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Europe, Asia Leaders Meet on Trade     10/19 06:09

   European and Asian leaders gathered Friday to pledge their support for free 
trade, at a meeting that underscored trade tensions with U.S. President Donald 
Trump.

   BRUSSELS (AP) -- European and Asian leaders gathered Friday to pledge their 
support for free trade, at a meeting that underscored trade tensions with U.S. 
President Donald Trump.

   German Chancellor Angela Merkel said the Asia-Europe Meeting in Brussels 
would send a signal that "countries are coming together here from Europe and 
Asia that all want rules-based global trade and are committed to 
multilateralism."

   The meeting brings together 30 European leaders with their counterparts from 
21 Asian nations as well as top officials from the European Union and 
Association of Southeast Asian Nations.

   Together, the group accounts for some two-thirds of the world's economic 
output, 55 percent of global trade and 60 percent of the world's population.

   In a draft of the meeting's closing statement seen by The Associated Press, 
the leaders say they "highlighted the vital need of maintaining an open world 
economy and upholding the rules-based multilateral trading system, with the 
World Trade Organization at its core."

   Trump slapped 25 percent tariffs on steel imports and 10 percent on imported 
aluminum from the EU on June 1. He said the move was to protect U.S. national 
security interests, but the Europeans claim it is simply protectionism and 
breaks global trade rules. The EU hit back with tariffs on about 2.8 billion 
euros-worth ($3.4 billion) of U.S. steel, agricultural and other products.

   The stakes are even higher in Trump's trade war with China. Trump has 
imposed tariffs on about $250 billion of Chinese products amid U.S. accusations 
that China engages in cyber-theft and coerces foreign companies into handing 
over technology in return for access to the Chinese market, as well as by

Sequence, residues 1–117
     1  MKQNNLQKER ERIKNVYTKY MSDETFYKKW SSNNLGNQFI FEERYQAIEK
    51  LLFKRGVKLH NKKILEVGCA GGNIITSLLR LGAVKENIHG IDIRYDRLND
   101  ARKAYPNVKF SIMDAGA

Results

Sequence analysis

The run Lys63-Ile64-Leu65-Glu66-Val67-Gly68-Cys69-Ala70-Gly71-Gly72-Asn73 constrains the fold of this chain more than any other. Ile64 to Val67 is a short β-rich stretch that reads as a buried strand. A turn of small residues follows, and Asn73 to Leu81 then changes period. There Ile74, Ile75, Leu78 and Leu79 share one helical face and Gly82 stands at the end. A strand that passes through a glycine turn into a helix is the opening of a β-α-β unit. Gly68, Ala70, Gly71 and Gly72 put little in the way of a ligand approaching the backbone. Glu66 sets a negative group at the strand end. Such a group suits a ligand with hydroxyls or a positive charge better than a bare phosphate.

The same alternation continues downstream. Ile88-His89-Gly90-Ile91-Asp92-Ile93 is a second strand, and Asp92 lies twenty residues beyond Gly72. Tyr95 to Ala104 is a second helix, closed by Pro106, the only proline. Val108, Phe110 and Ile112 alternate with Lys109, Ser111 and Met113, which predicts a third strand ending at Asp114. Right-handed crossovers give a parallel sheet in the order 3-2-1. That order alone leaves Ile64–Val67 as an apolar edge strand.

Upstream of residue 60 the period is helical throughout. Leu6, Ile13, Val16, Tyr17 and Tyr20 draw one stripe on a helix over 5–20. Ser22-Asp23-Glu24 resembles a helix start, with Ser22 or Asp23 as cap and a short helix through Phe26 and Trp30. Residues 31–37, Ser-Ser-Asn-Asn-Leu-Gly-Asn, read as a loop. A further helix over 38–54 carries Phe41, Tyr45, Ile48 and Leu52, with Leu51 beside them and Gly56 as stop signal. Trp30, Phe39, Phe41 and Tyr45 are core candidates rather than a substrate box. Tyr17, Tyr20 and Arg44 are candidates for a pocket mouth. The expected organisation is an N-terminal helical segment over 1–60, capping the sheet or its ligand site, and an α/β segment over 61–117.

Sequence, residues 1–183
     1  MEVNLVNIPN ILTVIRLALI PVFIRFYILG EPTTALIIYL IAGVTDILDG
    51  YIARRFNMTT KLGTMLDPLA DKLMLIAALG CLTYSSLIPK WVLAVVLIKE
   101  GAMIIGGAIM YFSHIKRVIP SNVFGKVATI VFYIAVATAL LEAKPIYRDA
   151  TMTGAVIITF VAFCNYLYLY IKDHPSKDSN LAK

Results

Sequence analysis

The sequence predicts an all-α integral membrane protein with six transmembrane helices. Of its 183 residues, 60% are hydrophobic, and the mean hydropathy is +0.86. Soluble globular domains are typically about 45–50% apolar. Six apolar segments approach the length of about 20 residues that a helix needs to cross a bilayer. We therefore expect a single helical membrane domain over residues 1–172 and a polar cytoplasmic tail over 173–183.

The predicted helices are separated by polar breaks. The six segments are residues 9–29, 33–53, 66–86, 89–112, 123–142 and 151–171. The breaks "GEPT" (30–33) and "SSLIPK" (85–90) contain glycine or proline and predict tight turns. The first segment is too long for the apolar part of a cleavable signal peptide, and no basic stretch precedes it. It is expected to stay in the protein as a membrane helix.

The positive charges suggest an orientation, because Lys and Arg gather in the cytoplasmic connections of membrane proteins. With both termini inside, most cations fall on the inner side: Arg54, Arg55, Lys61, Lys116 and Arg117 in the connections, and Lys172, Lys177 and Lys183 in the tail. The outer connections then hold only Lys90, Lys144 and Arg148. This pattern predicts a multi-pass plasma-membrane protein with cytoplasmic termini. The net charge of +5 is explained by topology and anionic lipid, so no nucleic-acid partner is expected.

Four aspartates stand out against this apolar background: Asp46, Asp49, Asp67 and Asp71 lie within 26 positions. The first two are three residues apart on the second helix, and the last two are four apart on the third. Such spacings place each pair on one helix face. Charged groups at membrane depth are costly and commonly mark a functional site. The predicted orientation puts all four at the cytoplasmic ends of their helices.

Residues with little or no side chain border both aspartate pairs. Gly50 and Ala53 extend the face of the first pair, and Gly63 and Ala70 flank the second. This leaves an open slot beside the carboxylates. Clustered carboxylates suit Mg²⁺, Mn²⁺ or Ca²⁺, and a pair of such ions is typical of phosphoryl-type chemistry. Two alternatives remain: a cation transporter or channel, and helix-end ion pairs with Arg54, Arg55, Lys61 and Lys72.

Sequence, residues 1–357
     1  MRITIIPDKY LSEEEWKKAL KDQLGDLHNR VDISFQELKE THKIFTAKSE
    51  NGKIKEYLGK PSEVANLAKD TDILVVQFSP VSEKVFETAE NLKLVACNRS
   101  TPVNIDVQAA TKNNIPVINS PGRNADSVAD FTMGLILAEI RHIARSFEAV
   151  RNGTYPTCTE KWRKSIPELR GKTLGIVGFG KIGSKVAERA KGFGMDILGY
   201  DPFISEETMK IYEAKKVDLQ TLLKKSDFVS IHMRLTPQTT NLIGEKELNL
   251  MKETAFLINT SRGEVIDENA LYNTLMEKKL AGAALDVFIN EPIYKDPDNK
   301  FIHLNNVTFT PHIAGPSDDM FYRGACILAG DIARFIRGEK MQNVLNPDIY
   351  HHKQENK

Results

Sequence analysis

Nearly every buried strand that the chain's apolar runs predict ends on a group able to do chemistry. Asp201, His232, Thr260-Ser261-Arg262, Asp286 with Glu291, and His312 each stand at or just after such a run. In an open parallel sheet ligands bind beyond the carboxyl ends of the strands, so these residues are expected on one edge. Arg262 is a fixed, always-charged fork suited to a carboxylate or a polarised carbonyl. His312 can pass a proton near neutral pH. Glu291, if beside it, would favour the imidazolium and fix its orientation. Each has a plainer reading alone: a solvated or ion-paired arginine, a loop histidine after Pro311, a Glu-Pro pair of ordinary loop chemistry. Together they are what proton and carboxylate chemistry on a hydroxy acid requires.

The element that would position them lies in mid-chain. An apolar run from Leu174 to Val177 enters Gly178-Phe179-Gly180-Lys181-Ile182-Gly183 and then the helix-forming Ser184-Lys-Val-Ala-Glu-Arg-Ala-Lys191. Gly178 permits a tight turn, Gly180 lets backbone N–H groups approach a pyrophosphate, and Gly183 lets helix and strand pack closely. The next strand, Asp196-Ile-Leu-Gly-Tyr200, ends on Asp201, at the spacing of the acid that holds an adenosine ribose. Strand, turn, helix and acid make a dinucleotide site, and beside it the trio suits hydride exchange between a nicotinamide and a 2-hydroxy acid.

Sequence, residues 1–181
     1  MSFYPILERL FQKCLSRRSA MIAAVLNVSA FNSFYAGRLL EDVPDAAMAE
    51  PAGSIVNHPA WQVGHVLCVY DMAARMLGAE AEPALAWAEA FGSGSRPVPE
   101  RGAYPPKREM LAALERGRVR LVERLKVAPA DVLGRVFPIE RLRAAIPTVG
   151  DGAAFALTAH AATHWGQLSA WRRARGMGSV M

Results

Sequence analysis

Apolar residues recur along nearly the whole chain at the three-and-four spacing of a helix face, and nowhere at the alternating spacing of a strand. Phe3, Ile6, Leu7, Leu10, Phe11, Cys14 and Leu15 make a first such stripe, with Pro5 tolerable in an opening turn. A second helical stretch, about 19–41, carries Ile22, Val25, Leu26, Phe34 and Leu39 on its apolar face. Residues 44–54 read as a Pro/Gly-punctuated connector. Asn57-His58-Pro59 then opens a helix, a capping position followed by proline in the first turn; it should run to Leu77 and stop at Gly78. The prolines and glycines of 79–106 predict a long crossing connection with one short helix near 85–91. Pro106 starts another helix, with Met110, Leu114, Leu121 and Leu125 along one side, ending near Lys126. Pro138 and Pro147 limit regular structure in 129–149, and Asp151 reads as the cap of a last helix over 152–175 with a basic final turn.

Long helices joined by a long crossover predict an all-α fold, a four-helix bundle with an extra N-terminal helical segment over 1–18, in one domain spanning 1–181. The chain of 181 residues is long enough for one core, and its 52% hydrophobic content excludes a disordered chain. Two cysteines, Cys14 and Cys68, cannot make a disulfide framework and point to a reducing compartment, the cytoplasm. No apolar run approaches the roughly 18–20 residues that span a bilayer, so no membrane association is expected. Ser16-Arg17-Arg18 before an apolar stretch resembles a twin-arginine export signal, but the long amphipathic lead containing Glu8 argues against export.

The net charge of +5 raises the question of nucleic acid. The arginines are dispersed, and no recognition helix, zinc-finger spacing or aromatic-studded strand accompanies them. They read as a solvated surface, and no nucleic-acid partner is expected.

Trump's anger over China's trade surplus with the U.S.

   The wide-ranging agenda of the Brussels meeting also included discussions on 
climate change, with leaders in the draft conclusions "expressing their 
profound concern that current global efforts are insufficient" to meet goals 
set out in the Paris climate accord. Trump has removed the U.S. from that deal.

   In another draft conclusion that ran counter to U.S. policy, European and 
Asian leaders praised the Iran nuclear deal --- another multilateral initiative 
rejected by Trump.

   "Preserving the nuclear deal with Iran is a matter of respecting 
international agreements, and promoting international security, peace and 
stability," the draft conclusions said.

   One region where the leaders in Brussels were more closely aligned with 
Trump was the Korean peninsula, where the U.S. president has been involved with 
efforts to end North Korea's nuclear program.

   The draft declaration hailed efforts by South Korea and "other partners" to 
"achieve lasting peace and stability on a Korean Peninsula free of nuclear 
weapons.

   Rights groups and lawmakers had called on the European leaders to push their 
Asian counterparts on human rights, citing abuses in many Asian nations, 
including the Rohingya crisis in Myanmar and Bangladesh.

   Buddhist-majority Myanmar's military is accused of widespread rights 
violations, including rape, murder, torture and burning villages, which has 
seen about 700,000 Rohingya fleeing to Bangladesh since August last year.

   Without mentioning Rohingya by name, the leaders underscored the need to 
pave the way for the "safe, voluntary, dignified, and sustainable return of 
displaced persons to Rakhine State."


(KA)

 
 
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